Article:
Further discussion and text welcome. But let me suggest a
different way to look at the problem...
Well down below the surface of what 821, 1123, and 2821 say
explicitly, there is a tradeoff between:
* try as much as possible to reject a bad (for any
variation of "bad") message at SMTP time, so no "bounce
message" is generated by the rejecting system.
* optimize speed and throughput of the SMTP process by
accepting dubious messages and then bouncing them as
required, rather than taking the time to, e.g., do
potentially-complex sender or recipient verification at
SMTP command time.
At least as I understood it at the time, 821 more or less
assumed that the first was preferable and that the second was a
fallback for the cases where the first was impossible. By the
time 2821 rolled around, the assumption had shifted the other
way, i.e., that maybe it wasn't so smart to tie up incoming
connections while the SMTP server went through a
potentially-complicated and time-consuming process to figure out
if it could make delivery to a mail store. Maybe it is time to
shift that assumption back the other way again and to strongly
encourage "figure out if you like the message before accepting
it for delivery".
But note (1) that choice has always been up to the implementer
and, for many implementation, the site. And (ii) there really
is enough flexibility in 2821 now for a site to toss bounce
messages that it has substantive reason to believe cannot be
properly delivered. The text just insists, as I think it
should, that the decision to discard a bounce message (or to
discard an incoming message without any indication to the
presumed sender) be treated as a very serious one and not taken
Finally, please think about a question: there are a number of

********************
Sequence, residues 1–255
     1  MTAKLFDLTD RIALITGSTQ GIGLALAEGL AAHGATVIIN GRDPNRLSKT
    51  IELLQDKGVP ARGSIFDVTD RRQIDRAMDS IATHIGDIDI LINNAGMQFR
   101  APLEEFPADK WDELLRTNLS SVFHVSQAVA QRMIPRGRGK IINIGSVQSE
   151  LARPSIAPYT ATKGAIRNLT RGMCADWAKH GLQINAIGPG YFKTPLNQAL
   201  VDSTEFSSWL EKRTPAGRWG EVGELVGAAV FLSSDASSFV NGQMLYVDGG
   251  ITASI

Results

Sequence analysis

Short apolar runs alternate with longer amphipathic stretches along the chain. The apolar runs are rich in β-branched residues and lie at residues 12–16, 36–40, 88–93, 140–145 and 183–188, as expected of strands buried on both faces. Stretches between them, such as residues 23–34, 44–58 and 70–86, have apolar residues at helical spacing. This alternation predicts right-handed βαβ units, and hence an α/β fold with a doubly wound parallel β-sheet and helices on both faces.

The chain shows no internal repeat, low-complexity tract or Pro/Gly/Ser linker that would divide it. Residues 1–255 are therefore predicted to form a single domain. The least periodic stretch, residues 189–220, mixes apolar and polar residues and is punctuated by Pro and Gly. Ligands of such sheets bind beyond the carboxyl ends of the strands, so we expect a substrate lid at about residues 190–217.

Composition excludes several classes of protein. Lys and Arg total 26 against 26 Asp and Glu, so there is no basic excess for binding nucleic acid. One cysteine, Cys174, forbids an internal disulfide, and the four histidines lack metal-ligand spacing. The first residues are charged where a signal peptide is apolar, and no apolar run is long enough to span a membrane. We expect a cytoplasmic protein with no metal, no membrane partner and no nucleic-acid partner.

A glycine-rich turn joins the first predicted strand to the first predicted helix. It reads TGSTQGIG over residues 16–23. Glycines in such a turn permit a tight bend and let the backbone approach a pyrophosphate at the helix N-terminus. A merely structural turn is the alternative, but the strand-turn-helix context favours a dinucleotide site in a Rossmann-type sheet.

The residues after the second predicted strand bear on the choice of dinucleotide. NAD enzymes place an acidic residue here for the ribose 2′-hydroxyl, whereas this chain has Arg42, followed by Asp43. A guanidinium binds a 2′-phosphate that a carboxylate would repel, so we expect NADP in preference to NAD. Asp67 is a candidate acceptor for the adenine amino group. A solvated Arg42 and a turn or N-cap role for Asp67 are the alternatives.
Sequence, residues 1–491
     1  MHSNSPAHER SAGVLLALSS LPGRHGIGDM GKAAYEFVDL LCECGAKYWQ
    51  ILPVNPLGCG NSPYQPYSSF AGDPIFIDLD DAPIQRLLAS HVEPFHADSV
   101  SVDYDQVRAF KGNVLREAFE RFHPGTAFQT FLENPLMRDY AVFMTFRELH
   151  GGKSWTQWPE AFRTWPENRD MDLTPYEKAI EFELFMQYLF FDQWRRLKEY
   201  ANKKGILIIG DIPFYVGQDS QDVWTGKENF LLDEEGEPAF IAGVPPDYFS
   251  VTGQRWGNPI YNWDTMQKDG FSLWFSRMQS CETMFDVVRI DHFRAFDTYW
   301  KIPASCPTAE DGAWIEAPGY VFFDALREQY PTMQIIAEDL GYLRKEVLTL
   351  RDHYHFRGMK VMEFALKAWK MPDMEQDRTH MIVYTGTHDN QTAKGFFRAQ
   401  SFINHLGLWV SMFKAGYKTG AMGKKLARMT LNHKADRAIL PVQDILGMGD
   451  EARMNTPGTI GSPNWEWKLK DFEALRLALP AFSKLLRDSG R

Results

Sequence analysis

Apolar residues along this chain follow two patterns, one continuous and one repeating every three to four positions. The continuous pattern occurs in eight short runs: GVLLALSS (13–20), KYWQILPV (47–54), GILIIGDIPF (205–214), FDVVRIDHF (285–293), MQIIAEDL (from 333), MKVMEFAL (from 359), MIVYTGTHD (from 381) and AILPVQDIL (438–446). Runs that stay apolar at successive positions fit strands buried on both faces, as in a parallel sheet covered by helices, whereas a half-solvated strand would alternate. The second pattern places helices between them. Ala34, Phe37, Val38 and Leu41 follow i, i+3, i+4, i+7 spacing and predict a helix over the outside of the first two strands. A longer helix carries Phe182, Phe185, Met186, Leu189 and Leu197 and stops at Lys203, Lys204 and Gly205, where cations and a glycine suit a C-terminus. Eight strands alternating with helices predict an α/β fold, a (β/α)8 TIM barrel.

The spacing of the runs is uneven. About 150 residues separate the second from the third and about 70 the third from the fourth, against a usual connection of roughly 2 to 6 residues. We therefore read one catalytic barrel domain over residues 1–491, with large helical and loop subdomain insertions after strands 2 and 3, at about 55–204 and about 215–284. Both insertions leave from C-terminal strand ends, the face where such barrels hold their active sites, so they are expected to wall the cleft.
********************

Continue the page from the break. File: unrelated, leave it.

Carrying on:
"authenticated MTA" proposals floating around. If you assume
that they will be successful and widely deployed, as their
authors do, then is it desirable to weaken important integrity
mechanisms within the mail environment in order to address a
problem that will be solved in another way?
--On Tuesday, 23 March, 2004 11:27 -0600 bz
It seems to me that SMTP has a serious flaw that is being
exploited by virus writers, spammers and 'joe jobbers', to
cause grief to innocent people. That flaw is the 'bounce
The philosopy is simple, and dates back to earlier days of
communications by radio and telegraph: once one accept a
message for relay or delivery, one is responsible for making
sure it is delivered or one must notify the sender that it
could not be delivered. I understand the theory.
The problem occurs when 'the sender' is misidentified and
notice is sent to an innocent third party. The notice becomes
a form of abuse.
I think the RFCs need to 'relax' the requirement for notice of
non delivery so as to reflect the new 'current best
practices' for handling virus infected messages and other
messages with forged 'return path' information.